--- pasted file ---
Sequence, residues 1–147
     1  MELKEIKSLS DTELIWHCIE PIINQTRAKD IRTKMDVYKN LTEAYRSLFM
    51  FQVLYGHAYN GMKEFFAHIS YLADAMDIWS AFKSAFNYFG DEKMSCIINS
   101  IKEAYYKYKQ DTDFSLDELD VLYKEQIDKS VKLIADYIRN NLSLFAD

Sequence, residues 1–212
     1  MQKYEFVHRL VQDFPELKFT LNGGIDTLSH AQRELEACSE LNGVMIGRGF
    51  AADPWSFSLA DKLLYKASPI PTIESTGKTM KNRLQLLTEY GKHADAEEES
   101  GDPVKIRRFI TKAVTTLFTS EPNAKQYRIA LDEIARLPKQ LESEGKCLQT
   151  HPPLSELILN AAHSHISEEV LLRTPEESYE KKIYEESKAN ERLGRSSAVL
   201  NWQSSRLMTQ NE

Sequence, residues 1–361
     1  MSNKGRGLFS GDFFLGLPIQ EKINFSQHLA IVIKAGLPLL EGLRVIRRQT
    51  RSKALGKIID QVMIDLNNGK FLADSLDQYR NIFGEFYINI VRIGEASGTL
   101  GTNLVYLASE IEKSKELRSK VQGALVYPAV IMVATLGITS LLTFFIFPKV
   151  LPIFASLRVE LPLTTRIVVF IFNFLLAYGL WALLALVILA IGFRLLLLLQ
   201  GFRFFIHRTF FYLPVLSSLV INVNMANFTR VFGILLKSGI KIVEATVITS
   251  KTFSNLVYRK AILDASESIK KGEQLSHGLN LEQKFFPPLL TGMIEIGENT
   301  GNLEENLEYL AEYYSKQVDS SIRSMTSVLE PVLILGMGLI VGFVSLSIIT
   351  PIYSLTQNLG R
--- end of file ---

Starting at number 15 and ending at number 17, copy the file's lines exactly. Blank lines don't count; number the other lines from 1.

   151  LPIFASLRVE LPLTTRIVVF IFNFLLAYGL WALLALVILA IGFRLLLLLQ
   201  GFRFFIHRTF FYLPVLSSLV INVNMANFTR VFGILLKSGI KIVEATVITS
   251  KTFSNLVYRK AILDASESIK KGEQLSHGLN LEQKFFPPLL TGMIEIGENT